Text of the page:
LJ McIntosh

Kamal Shasi, SPT

 There aren’t many people I still keep in touch with that I have known since I was in the 4th grade, but Kamal is one of them. I met Kamal playing AAU for ‘Ferrari’ in Chicago and the rest is history. We met a few times on the court in high school. We won’t go into too much detail there seeing that I’m 0-2 against Seton Academy. In 2019 he was in my wedding and we talk weekly if not daily at times. I mention these things because we have a pretty good friendship that continues to grow. There are times when one of us will text the other out of the blue a random basketball player’s name. That means one thing. Name the college he went to. Not just any players though. Tough ones. It could be a Tuesday evening and I’ll get a text from him: “Greg Buckner”. My job is to come back with “Clemson” as fast as possible. There was a time when we would ask for someone’s college but instead of replying with the name of the school, we would reply with another player who went to the school. Kamal lives basketball which you will easily find out by seeing his tweets, but at the same time, he is now giving back to the game in a few different ways. He recently was on the Key And Mang Podcast talking about the recent Ja Morant news. His Instagram is geared towards sports and all things physical therapy related. He’s one of the first people that came to mind when I thought about doing spotlights so here is a little more about him, his business, and his story!


-What inspired you to pursue a career in physical therapy?

“It’s actually a crazy long story. To make it short my cousin introduced me to the field when I was 19 years old trying to figure out what I wanted to do with my life. He mentioned PT and said I think you’d be a great PT, I work in a Doctor’s office with PT and I can see you being great at this. I thought it was just a family member just talking but fast forward from that point and every major event in my life from my car accident, to my concussion, to my knee injury in college led me to physical therapy. My cousin unfortunately passed away 3 years ago and I feel like it’s my duty and bond with him that I become what he saw in me before I saw it in myself. He knew my potential and now when things get tough I remember why I chose this path and it’s my guidance and means of motivation.”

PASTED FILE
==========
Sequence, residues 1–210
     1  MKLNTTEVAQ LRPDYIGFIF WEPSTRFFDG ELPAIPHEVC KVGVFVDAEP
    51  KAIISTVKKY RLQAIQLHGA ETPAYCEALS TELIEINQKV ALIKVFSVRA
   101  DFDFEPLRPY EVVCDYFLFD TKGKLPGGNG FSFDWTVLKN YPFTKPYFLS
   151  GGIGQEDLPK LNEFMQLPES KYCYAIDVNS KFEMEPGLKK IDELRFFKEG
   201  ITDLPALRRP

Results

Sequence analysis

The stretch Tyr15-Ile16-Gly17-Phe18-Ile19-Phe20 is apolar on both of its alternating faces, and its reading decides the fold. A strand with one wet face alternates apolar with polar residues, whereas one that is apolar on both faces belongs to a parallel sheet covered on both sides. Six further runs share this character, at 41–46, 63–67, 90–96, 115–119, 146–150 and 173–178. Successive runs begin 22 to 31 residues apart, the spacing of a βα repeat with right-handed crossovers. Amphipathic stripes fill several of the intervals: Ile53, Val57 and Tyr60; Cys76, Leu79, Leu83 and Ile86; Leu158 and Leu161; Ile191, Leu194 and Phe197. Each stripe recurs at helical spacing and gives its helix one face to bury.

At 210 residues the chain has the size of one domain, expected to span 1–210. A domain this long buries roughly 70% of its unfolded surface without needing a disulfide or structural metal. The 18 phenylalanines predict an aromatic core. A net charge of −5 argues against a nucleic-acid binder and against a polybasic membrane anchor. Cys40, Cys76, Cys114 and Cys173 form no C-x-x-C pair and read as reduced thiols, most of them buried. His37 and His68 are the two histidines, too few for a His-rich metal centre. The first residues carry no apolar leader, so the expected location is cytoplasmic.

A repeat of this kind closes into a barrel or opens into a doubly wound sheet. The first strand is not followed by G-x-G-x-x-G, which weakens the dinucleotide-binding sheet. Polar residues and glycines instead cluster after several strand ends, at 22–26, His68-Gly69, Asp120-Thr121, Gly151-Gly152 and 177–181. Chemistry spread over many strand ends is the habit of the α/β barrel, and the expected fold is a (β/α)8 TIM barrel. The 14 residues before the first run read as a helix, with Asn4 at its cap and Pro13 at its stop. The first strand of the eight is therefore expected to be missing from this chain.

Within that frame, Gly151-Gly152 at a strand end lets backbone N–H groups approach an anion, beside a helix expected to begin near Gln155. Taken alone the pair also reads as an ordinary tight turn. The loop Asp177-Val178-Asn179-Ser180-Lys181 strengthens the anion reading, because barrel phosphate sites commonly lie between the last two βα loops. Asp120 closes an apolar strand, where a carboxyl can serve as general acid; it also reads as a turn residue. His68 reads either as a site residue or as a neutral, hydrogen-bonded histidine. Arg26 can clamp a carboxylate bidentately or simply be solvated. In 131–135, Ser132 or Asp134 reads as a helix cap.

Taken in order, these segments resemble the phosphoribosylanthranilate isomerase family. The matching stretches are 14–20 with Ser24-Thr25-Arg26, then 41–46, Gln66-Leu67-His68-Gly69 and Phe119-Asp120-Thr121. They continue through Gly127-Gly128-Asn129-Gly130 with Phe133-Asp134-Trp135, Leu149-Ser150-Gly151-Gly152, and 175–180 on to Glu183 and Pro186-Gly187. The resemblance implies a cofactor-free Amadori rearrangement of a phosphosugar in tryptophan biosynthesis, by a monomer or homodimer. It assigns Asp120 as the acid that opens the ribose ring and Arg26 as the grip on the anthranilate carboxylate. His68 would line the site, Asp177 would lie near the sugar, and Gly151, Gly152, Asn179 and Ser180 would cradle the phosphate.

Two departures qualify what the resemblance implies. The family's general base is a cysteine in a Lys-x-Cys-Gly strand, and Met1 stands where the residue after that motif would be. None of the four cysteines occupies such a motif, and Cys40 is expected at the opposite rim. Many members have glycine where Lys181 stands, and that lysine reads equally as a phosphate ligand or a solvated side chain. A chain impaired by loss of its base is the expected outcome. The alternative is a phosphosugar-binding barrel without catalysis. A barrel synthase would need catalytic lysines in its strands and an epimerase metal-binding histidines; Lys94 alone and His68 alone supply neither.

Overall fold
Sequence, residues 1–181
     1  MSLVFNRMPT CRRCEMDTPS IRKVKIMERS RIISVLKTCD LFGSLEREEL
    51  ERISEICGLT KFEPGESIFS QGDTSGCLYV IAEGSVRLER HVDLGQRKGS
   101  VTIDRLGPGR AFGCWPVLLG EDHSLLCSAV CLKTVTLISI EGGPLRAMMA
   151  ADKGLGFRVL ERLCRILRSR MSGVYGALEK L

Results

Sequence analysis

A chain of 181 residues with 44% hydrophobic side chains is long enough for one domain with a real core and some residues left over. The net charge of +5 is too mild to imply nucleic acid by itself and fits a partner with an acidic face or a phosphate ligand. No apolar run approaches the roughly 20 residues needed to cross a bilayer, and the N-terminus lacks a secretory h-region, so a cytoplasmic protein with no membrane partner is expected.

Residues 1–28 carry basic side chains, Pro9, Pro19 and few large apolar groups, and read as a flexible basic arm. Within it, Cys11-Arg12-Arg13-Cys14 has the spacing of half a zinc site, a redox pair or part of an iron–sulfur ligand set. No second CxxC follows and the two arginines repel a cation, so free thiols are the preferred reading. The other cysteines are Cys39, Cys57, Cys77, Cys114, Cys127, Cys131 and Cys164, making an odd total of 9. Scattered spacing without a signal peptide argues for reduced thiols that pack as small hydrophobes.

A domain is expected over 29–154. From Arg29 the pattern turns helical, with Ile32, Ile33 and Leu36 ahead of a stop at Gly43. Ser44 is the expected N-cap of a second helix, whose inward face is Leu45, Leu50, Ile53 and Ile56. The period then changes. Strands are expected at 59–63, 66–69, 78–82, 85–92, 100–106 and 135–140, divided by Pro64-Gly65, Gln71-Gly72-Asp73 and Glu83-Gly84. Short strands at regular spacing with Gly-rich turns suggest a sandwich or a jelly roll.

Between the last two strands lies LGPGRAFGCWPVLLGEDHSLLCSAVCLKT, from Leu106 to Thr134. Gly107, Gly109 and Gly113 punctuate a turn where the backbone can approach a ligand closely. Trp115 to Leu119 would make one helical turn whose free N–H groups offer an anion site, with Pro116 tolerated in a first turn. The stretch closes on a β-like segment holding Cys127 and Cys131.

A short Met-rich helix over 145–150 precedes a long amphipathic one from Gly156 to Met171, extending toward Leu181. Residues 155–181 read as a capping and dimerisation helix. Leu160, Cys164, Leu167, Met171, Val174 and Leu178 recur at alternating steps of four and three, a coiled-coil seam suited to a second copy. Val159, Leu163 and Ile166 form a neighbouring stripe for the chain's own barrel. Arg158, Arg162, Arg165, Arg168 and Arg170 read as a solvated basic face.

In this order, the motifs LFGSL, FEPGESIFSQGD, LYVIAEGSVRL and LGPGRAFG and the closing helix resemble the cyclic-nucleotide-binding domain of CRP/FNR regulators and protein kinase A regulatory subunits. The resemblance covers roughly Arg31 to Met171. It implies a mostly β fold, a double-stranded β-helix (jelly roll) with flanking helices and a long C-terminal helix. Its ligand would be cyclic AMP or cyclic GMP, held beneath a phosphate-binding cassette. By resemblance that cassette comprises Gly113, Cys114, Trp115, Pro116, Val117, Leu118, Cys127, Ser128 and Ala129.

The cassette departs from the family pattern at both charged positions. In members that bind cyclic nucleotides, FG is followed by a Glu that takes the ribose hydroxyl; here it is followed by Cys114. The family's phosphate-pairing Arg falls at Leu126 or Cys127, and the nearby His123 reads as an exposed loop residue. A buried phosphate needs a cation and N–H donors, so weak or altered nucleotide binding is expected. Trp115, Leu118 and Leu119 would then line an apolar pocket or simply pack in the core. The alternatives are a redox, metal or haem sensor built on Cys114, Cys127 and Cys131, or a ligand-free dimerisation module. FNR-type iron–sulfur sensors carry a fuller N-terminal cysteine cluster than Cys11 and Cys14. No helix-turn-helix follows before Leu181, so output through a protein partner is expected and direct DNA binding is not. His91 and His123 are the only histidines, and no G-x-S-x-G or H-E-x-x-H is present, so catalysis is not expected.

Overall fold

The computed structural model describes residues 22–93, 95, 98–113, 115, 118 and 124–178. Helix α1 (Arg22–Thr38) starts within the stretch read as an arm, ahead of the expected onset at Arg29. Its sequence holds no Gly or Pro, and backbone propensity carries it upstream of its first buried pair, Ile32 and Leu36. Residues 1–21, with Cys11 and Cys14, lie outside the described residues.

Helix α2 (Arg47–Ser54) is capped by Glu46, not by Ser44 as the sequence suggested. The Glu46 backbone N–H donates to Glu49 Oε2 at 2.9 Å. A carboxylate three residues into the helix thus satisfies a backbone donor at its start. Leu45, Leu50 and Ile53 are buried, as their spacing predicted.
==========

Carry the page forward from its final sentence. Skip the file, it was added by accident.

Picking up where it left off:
-What challenges have you come across so far as you study this field?

“Man I’m fresh in the field, halfway through my first of 3 years, and when they say PT school is no joke they ain’t lyin! It’s said that PT school is like drinking out of a fire hydrant and man is that so true. The overflow of information and the short amount of time you get to learn the information is ridiculous. It has tested my patience, toughness, and resiliency just like how basketball used to do for me. Also as a young African American man in a field of less than 4% African American with less than 2% being African American men, it is a challenge when you don’t really see many that look like you. Diversifying the profession and building awareness of physical therapy and its benefits is one of the goals and challenges which I hope to tackle. As my schooling continues and I get into the field I’m sure the challenges will continue so I’m excited to see what is in store for me.”

As a former athlete, you’ve now started a business to give back to high school athletes to help them be better. What advice can you give to others who are trying to start a business and might not know where to start?

“It’s a great question and I laughed when reading it because when you want to do something sometimes you just have to “jump in the water.” I never thought I would start a business during the most challenging academic point in my life. I realize I am doing something extremely unconventional, but I’ve never done what everyone else does. I’ve always gone against the grain. Some may say “Why would you start a business while you’re going through one of the most challenging times in your life?” But I look at it in a different way. This helps me be more disciplined and value my time more than ever before because I know I have things to get done with so little time. There’s never a perfect time to start a business. Start off getting your message out there through digital platforms and prove that you’re passionate about what you’re doing and others will follow. If you want to start a business the only way you get good at it is by actually starting, taking your lumps along the way, seeking advice/coaching, and realizing that things will be tough but in the end, it will be worth it.”


What’s the biggest mistake you see high school athletes make?

“I can go on this topic forever because I was a high school athlete, so I’m speaking on my experience, the experience of my friends, and the current mistakes I am seeing. The biggest mistake I see is high schoolers don’t properly gauge their own talent level so they listen to people they shouldn’t be listening to and think they are better than they are. It’s important to be confident, but you have to be realistic. Confidence is putting in the required hard work and believing in the work that you put in, while arrogance is not putting in the work and still believing you deserve things that you haven’t worked for. Don’t have erroneous confidence, only be confident in the work that you put in and know where your abilities stack up against your competition.”